Auto recyclers focus on their leadership skills at the latest gathering of ARA.
By Caryn Smith
The year 2022 has been a good one for automotive recyclers, which was reflected in the annual gathering of the industry at the 79th Annual ARA Convention & Expo in Orlando, FL. Energetic Agents of Change came to connect in record numbers, with the final tally of 1,000 attendees, including 90 exhibitors. Many report that due to new vehicle supply chain shortages, vehicle owners are turning to repairers to keep their vehicles moving. This, of course, presents good business conditions for automotive recyclers.
In fact, a Kelly Blue Book report from Sean Tucker in May 2022 says, “the average car on American roads was built in Barack Obama’s first term. It’s 12.2 years old. The figure comes from S&P Global Mobility Reports – formerly the automotive data team from IHS Markit. Analysts there combed through registrations nationwide to get the data. Our cars are aging. Last year, the same report found an average age of 12.1 years.” The report continues: “Despite the image of pickup trucks as bulletproof, tough immortals, Americans are more likely to hold onto a car than a truck. The average sedan or coupe, the report found, is 13.1 years old. The average truck or SUV is 11.6 years old.”
The report notes, “This is the fifth straight year the average vehicle age in the U.S. has risen.” With that said, those that are choosing to buy new are going electric:
The numbers of EVs sold jumped 40% in the past year.
With all that good news, auto recyclers were eager to discuss how to monetize the opportunity, and two main topics emerged: Strong leadership and certification.
Leading with Magnetism
In a time where questionable leadership is often the norm, keynote speaker Dave Leuhr made it clear that in business today, successful businesses are run by great leaders who surround themselves with like-minded people. He suggested that those who want to be great leaders gather with other leaders for accountability. “Who are your five that will help you accomplish your goals?”
Leuhr notes that to make a good accountability partnership work, you need a common defined purpose, structured meetings, accountability, chemistry, and vulnerability. “When you trust, you can open up and drop your ego,” he says.
In addition, he says that adaptive companies have three main traits: Attitude, culture, and mastermind mentality. “Rediscover what brought you into the industry in the first place,” he says. Build a magnetic culture in your business that attracts great workers and great customers. That is leveraging the mastermind theory.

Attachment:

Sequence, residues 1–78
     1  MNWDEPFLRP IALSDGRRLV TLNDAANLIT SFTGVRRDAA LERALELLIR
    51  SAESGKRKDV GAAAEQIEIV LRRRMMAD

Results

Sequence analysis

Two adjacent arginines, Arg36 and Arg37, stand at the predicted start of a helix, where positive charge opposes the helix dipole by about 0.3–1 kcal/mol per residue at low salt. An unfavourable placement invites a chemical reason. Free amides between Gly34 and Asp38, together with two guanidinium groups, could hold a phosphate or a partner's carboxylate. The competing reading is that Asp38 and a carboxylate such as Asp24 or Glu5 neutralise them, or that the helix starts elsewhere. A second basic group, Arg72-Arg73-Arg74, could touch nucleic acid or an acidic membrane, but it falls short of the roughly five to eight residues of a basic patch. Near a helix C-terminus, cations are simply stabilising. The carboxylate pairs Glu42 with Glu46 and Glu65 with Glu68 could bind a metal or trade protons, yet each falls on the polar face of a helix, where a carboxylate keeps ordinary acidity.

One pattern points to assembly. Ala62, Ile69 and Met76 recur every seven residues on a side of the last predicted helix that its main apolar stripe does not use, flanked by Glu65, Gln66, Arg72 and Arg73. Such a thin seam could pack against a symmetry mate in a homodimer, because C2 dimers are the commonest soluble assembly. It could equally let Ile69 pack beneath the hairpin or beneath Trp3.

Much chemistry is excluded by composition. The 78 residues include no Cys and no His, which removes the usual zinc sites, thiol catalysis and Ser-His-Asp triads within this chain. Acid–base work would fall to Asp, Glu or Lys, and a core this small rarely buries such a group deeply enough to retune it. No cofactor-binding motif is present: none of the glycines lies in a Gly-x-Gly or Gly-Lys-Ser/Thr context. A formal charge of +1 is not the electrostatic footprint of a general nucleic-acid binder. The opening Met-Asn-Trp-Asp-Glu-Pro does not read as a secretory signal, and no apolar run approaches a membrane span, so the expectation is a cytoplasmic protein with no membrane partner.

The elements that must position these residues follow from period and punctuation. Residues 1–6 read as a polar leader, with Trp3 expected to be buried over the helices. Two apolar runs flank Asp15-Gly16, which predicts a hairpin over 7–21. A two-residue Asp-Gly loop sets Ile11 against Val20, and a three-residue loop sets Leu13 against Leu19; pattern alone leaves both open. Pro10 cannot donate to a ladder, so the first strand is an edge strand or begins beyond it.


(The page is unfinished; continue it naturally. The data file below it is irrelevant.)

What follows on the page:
This line of thinking lends itself for a gratuitous plug for the ARA Mentorship Program, which aims to provide accountability and guidance to owners looking to grow. Seasoned leaders offer perspective to mentees, and it has been quite beneficial for many. In their convention session, Marty Hollingshead, a mentor and program co-founder, said, “You can do it. It seems overwhelming, but you can do this. Opportunities are for all of us, and we are here to help. … I have learned as much or more from the people I have helped as they learned from me.”
Leading with Vulnerability
Continuing with this line of thought, keynote speaker Ryan Falco also spoke on aspects of leadership. “We have to be vulnerable; we have to show our employees we are human,” he says. Leadership is evolving as a person and allowing others to do the same. Empower employees to come up with the solution and trust them to do the work.
Things that kill a “magnetic” business are leaders that have attitude of superiority and playing favorites. “Your people will realize when you have favorites, and adapt an attitude of ‘why even try’ in response,” he says. Falco offered eight suggestions to altering a damaged culture.
• First, you must love people. “I am in the people business, not the parts business.” You have to treat people like they matter and have a seat at the table.
• You should guide, not control, your team. Coach them – then delegate and empower. “It all starts with empowerment.”
• Be adaptable. “We take apart wrecked cars, our business is built upon screw ups. Understand, in business, there is going to be a screw up. Things will never go as planned.”
• Don’t be afraid to delegate. “Nothing will erode trust quicker than NOT being able to delegate to the employees.”
• Very important – “Give credit, accept blame.”
• Practice risk acceptance. “If we are afraid to take a risk, we are afraid to grow.”
• “You are a forward-thinking auto recycler, but you have to also have faith. This motivates the forces.”
And, speaking of motivation – there is a difference between internal and external motivation. External is short lived. It is like offering a bonus, fleeting compliment, or a reward. While these are good things, they don’t produce lasting feelings for an employee. Internal motivation is what you should strive for, according to Falco. This kind of motivation is where you discover what makes a person tick. Once you have that information, you can build a better relationship on trust, which in turns, builds a better company.
Practice self-awareness at work, he suggests. “What other industry takes 20% back in returns? Salespeople must have a strong sense of self.” He continued with that thought, noting that there are five dysfunctions as a team to be aware:
• Absence of trust
• Fear of conflict in organization
• Lack of commitment
• Avoidance of accountability
• Inattention to details
But it all starts on a trust level.
Leading with Purpose
A standing-room only session dedicated to celebrating independent automotive recycling facilities and how to make the most of the business model, especially as family-
owned. Ron Wilbert shared his perspective on building Wilbert’s Inc. into a multigenerational and dual (full- and self-serve) recycling operation. “Independents have one great advantage, employment. We have more flexibility to hire, promote, recognize and build a passionate team,” he says. “Having an owner on site is an advantage.”